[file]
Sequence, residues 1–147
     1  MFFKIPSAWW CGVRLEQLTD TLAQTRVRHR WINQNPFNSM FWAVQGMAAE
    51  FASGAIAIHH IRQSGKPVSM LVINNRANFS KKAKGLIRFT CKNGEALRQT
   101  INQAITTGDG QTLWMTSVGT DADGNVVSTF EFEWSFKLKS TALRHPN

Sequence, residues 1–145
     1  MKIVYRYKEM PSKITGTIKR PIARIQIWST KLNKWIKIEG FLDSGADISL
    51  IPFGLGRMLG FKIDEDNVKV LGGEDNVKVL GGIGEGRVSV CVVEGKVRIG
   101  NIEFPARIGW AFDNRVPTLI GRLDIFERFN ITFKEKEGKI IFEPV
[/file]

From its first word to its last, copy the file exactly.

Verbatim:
Sequence, residues 1–147
     1  MFFKIPSAWW CGVRLEQLTD TLAQTRVRHR WINQNPFNSM FWAVQGMAAE
    51  FASGAIAIHH IRQSGKPVSM LVINNRANFS KKAKGLIRFT CKNGEALRQT
   101  INQAITTGDG QTLWMTSVGT DADGNVVSTF EFEWSFKLKS TALRHPN

Sequence, residues 1–145
     1  MKIVYRYKEM PSKITGTIKR PIARIQIWST KLNKWIKIEG FLDSGADISL
    51  IPFGLGRMLG FKIDEDNVKV LGGEDNVKVL GGIGEGRVSV CVVEGKVRIG
   101  NIEFPARIGW AFDNRVPTLI GRLDIFERFN ITFKEKEGKI IFEPV